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Shibayama


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#1 Guardian

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Posted 27 January 2007 - 10:36 PM

Hello talented people---I have tried it and I am hooked---anyone out there have any info on shibayama, the japanese inlay style ( abalone, tortoise-shell, amber etc. inlaid into ivory or laquer ) -- any pictures, book info or tutorials highly appreciated.....Ellen

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#2 Jim Kelso

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Posted 28 January 2007 - 06:27 PM

Hello Ellen. I haven't seen any information on Shibayama inlay per-se. Nor books devoted to it though it can be seen often here and there in various auction catalogues, and books devoted to Meiji period work. There is a lot of information on the web about inlay in general. I would Google "pearl inlay"(meaning mother-of-pearl) to see what comes up in the musical instrument field. The inlay techniques would be very similar regardless of the type of object, the main distinction being whether it is flush inlay or high relief.

Here's one site I found: "Pearl" inlay

For the uninitiated, here is a sample of Shibayama work from Trocadero, a specialist antique dealer.

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#3 Guardian

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Posted 28 January 2007 - 06:52 PM

Thank you Jim -- yes, the high relief would be what I am after. The only info I found so far is, as you mentioned, in auction catalogs and in art books, only in passing. I wonder why... this is such a big chunk of later japanese art it's hard to overlook. No matter if it mainly was import-ware - it still is a fine art form.
I'll post a pic when I have created something worthy of showing off. Thank you again for the reply....Ellen

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#4 Doug Sanders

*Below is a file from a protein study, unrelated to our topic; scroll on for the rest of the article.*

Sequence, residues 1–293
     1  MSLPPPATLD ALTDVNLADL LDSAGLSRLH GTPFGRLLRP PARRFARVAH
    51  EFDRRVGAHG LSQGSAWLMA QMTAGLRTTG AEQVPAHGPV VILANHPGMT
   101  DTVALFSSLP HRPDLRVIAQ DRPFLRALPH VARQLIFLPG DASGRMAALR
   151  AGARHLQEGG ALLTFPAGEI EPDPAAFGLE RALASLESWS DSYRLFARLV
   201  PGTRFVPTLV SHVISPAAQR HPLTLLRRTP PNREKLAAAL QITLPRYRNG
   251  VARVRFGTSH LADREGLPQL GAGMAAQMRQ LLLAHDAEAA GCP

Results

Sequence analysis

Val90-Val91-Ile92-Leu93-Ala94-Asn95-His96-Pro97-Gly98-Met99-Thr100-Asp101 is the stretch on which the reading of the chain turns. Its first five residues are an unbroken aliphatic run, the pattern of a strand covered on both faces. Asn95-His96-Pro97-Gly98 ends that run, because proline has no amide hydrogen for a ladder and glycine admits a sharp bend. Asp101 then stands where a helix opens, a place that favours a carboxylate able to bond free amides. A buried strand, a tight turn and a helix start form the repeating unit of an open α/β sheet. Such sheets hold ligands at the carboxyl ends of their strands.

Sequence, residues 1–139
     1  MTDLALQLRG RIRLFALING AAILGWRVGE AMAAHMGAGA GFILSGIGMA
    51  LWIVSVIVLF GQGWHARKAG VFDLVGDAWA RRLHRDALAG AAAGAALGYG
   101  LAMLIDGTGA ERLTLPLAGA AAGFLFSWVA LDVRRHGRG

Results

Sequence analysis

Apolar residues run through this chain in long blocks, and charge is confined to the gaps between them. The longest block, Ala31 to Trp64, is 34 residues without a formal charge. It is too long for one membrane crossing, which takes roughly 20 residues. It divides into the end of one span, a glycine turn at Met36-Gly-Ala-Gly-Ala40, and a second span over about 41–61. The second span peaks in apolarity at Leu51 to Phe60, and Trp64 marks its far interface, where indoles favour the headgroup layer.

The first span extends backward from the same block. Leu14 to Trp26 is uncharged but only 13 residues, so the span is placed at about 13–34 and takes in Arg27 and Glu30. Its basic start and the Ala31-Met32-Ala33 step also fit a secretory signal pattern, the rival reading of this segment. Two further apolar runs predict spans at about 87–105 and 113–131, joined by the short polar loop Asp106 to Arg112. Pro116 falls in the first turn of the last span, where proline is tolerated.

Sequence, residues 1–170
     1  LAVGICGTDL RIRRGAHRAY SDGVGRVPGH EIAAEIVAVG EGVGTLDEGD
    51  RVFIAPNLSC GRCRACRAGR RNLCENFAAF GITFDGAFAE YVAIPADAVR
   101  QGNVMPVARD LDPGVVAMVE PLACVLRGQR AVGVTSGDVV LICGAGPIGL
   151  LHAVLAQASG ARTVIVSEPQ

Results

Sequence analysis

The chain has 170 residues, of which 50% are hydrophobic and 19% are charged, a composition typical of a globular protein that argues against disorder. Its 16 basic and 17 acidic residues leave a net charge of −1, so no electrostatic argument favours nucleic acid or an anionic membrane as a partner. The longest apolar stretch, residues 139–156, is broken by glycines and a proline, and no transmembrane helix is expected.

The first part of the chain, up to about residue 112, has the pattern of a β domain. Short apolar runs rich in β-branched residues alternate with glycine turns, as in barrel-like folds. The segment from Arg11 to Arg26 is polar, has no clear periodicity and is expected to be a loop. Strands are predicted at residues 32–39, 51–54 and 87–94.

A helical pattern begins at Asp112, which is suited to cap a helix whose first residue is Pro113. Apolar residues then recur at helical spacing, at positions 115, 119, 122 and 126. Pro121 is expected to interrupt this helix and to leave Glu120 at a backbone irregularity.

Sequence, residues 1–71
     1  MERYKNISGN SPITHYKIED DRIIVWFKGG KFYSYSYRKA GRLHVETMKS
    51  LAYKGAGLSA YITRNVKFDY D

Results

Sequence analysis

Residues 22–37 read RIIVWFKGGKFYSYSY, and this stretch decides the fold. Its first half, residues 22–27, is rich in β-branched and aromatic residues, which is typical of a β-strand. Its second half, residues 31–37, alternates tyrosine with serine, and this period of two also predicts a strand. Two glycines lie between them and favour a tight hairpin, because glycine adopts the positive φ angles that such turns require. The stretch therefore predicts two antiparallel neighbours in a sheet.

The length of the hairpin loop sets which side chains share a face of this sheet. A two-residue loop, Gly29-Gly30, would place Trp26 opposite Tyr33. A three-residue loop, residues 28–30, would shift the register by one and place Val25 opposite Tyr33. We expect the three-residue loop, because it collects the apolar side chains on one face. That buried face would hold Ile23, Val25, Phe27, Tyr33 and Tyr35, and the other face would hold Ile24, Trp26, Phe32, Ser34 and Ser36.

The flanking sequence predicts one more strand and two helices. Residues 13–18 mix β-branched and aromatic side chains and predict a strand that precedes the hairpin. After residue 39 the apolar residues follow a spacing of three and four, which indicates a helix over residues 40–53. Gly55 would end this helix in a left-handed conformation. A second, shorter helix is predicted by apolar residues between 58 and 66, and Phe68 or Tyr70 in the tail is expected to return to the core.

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Posted 30 January 2007 - 09:01 PM

I think Shibayama-ware is considered a little bit over the top and tacky right now, at least to the collectors- the prices the auction houses get don't quite seem high enough sometimes. Also, I think generally speaking, it can be a very delicate craft- with pieces chipping and falling off at times. People might not want to take the purchase risk. Some of it isn't exactly inlay, but onlay which is more fragile.

Are you looking for technical comments and how-to's?

#5 Guardian

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Posted 30 January 2007 - 09:54 PM

View PostDoug Sanders, on Jan 30 2007, 06:01 PM, said:

I think Shibayama-ware is considered a little bit over the top and tacky right now, at least to the collectors- the prices the auction houses get don't quite seem high enough sometimes. Also, I think generally speaking, it can be a very delicate craft- with pieces chipping and falling off at times. People might not want to take the purchase risk. Some of it isn't exactly inlay, but onlay which is more fragile.

Are you looking for technical comments and how-to's?


Thank you Doug -- yes, I agree with the "over-the-top", I am more interested in the smaller pieces like boxes, utensils or whist counters. I cannot find any how-to's, I guess I just go by my basic knowledge of flat inlay--- even the how-to's for that includes a router, which I do not have and finding "old-fashioned" inlay tips is not easy. I'll be okay, just have to dig around in my overloaded noggin'. Thank you ---- Ellen


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#6 DanM

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Posted 30 January 2007 - 10:53 PM

The basic inlay techniques are shared by various cultures. a shaped pocket must be cut into the base material ,a corresponding positive is then placed into the pocket. metal inlays into a metal base are a bit different since they need an undercut to hold the inlay into the base. but for basic info try your local library and find an instruction book on marquetry or parquetry for the basics.

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#7 John M.

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Posted 15 August 2010 - 05:00 AM

View PostGuardian, on Jan 27 2007, 10:36 PM, said:

Hello talented people---I have tried it and I am hooked---anyone out there have any info on shibayama, the japanese inlay style ( abalone, tortoise-shell, amber etc. inlaid into ivory or laquer ) -- any pictures, book info or tutorials highly appreciated.....Ellen

"once the battle has begun it is too late to sharpen the sword"

Hi Ellen

If you still have any interest in "Shibayama " I can give you some pointers . We are restorers of
work or arts for the last 40 years.
Do you want to replace missing pieces or create your own Japanese style inlays?
You can look up superb Japanese Works of Arts included "Sybayama" In:
Splendors of Imperial Japan
Arts of the Meiji Period from the Khalili Collection
IBSN 1-874780-19-6
Regards
John

"To be born with talent is a gift.... but practice can take you to the top!"
Anon



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